Visiting this 14,000-acre/5,666-hectare park is like walking through a portal into a world where everything is giant and green—a rainforest where ferns arc over mossy trails in a dappled world of light and shadow. Start with a hike among the ancient redwoods on the 3.2-mile/5.1-km Prairie Creek and Cathedral Tree loop, which begins at Prairie Creek Redwoods’ visitor center. From your first steps, “lush” is the operative word.
"Visiting this park is like walking through a portal into a world where everything is giant and green."
Moss covers rocks, lichens hang from branches, clover-like redwood sorrel carpets the ground, and trees grow to gargantuan size. Be suitably awed and humbled, then step out of the bowers and head over to Elk Prairie, a grassy, golden meadow where you’ve got a great chance of seeing Roosevelt elk. These regal beasts are California’s largest land animals, weighing up to 1,100 pounds. Although they seem docile as they languidly munch on grass, it’s wise to give them some space, especially big males during the autumn rut. While at Elk Prairie, consider a walk on Trillium Falls Trail, a 2.5-mile/4-km loop through ancient redwoods.
Next, go for a drive. The paved, 10-mile/16-km Newton B. Drury Scenic Parkway, the scenic alternative to Highway 101, winds past silent groves that reach for the sky. Pull over for a quick walk to the aptly named Big Tree, and watch for more wild elk herds.
For the more adventurous driver, the unpaved Davison Road travels to Gold Bluffs Beach, a 10-mile stretch of waterfront where 1850s prospectors mined for gold dust in the sand. You can camp on the beach, but don’t forget to stake your tent—the wind can be fierce. Continue past Gold Bluffs to the end of the road and Fern Canyon trailhead. Here you have two options: a one-mile loop through spectacular Fern Canyon, or a longer walk on the Coastal Trail past three mini-waterfalls.
Want a short hike with a huge reward? The ½-mile round-trip Waterfall Overlook Trail at Julia Pfeiffer Burns State Park could be the biggest-bang-for-not-much-work hike on the planet. The almost-flat stroll ends at an oceanfront overlook with flawless views of McWay Falls, a favorite spot of Big Sur pioneer woman Julia Pfeiffer Burns, for whom the park is named. Let’s just say Julia had good taste. The plume of water drops some 80 feet from the top of a granite cliff to a sandy cove below (not even footprints on the sand mar the perfection, as this beach is closed to the public).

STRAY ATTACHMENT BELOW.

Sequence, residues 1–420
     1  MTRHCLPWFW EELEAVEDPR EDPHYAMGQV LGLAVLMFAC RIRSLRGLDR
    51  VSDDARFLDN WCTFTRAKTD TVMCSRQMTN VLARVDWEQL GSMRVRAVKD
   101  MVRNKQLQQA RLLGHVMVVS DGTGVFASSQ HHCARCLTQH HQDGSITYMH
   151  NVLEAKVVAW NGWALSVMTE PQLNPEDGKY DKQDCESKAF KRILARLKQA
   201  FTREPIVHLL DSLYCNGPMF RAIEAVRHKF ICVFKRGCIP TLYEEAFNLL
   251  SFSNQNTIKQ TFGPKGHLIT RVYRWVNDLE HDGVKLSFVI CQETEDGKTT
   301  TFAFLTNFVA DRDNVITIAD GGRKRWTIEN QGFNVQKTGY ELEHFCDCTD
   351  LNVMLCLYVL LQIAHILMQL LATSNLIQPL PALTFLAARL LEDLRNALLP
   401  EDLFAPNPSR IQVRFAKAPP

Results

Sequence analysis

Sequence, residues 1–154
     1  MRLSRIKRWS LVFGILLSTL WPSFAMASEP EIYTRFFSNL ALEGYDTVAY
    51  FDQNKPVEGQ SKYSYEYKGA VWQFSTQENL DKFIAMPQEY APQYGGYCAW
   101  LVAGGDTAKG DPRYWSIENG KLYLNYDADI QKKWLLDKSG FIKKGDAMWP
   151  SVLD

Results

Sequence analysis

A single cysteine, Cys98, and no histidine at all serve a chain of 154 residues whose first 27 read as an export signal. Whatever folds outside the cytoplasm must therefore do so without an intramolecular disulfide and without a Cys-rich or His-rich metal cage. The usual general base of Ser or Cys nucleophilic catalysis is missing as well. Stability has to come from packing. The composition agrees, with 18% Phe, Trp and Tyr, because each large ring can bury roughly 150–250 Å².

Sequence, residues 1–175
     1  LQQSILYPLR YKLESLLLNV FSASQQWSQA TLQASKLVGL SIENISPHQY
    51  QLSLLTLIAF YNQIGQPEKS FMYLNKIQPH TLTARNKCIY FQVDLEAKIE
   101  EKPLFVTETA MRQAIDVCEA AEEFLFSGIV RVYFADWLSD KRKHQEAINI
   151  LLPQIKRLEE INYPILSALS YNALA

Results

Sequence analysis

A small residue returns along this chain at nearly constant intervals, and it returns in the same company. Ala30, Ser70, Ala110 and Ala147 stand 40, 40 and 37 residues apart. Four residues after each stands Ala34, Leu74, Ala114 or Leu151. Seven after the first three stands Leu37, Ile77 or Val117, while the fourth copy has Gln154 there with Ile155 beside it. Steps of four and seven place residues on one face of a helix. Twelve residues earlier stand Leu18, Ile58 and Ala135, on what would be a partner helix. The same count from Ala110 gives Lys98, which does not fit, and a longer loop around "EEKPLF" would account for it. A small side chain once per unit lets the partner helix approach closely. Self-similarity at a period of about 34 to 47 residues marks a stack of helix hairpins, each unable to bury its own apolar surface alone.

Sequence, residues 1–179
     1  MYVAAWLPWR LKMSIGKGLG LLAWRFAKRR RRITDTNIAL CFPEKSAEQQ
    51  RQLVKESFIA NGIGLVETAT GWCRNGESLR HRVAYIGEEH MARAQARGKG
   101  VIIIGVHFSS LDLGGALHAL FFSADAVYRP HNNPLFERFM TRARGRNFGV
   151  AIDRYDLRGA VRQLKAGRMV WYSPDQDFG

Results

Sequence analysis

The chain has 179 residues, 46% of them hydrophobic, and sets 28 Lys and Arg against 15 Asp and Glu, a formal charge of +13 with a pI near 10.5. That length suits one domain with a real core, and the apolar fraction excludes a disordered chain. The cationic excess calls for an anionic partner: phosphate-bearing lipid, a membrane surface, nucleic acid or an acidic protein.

If you’re up for more of a leg stretch, also hike the 1-mile round-trip Partington Cove Trail. The steep but short hike leads over a wooden bridge down to a 60-foot tunnel. Walk through and emerge onto the rocky beach. A few of the trails at this picturesque state park are closed due to erosion—check the trails section of the park’s website for the latest information before traveling.
Make a stop along Highway 1 to visit Limekiln State Park, where you’ll discover a piece of 19th-century history while hiking trails through towering coastal redwoods. At this Big Sur park two miles south of Lucia, camping, swimming (in Limekiln Creek and at a beach), and spotting marine life carries huge appeal, but it’s undoubtedly the historic kilns that are the park’s signature attraction.
As the name suggests, Limekiln State Park was once the site of a booming limekiln operation (more on that below, if you’re scratching your head), and short walks let you not only explore the limekiln ruins but also visit the aforementioned beach and Limekiln Falls.
History explains how, in the late 1880s, limestone was harvested from a nearby slope, then fed into the hulking kilns. Intense heat—with kiln fires fueled by felled redwoods—extracted pure lime, a key ingredient in construction cement, which was used in buildings in San Francisco and Monterey.
Once all the nearby reserves of limestone and redwoods were used up, the kilns were abandoned. Slowly, the forest recovered, and the second-growth redwood stands in this park today make for a pleasant and shady escape (not to mention one with an interesting past). In the midst of this intensely naturalistic setting, the four iron-and-stone kilns rise, scarred and imposing, like monuments to some bygone civilization. It’s a dramatic contrast that’s likely to spark even the most seasoned sightseer’s imagination.
Pitch a tent—car and RV camping is not accommodated—in one of the 29 campsites located creekside, on the beachfront, and in the forest. You can reserve a site up to six months in advance.
California’s coast redwoods meet their southernmost habitat along the Big Sur coast, and this gem of a park, located 26 miles south of Carmel, is a great way to sample their deep shade and cathedral-like beauty. Hiking, biking, and riding RVs along the trails and roads, swimming in the Big Sur River, camping—the number of outdoor activities one can enjoy here in the midst of stunning surroundings make it one of the most popular parks along Highway 1.
The park’s roots are in homesteading: John Pfeiffer settled on some 160 acres here (his 1884 cabin, originally perched high above the Big Sur River Gorge, has been reconstructed along the park’s Gorge Trail). In the 1930s, Pfeiffer’s land became the first nugget of this beautiful park after he spurned offers from developers and instead sold it to the state of California, a decision that prompted the State Park Commission to name its newest addition after him.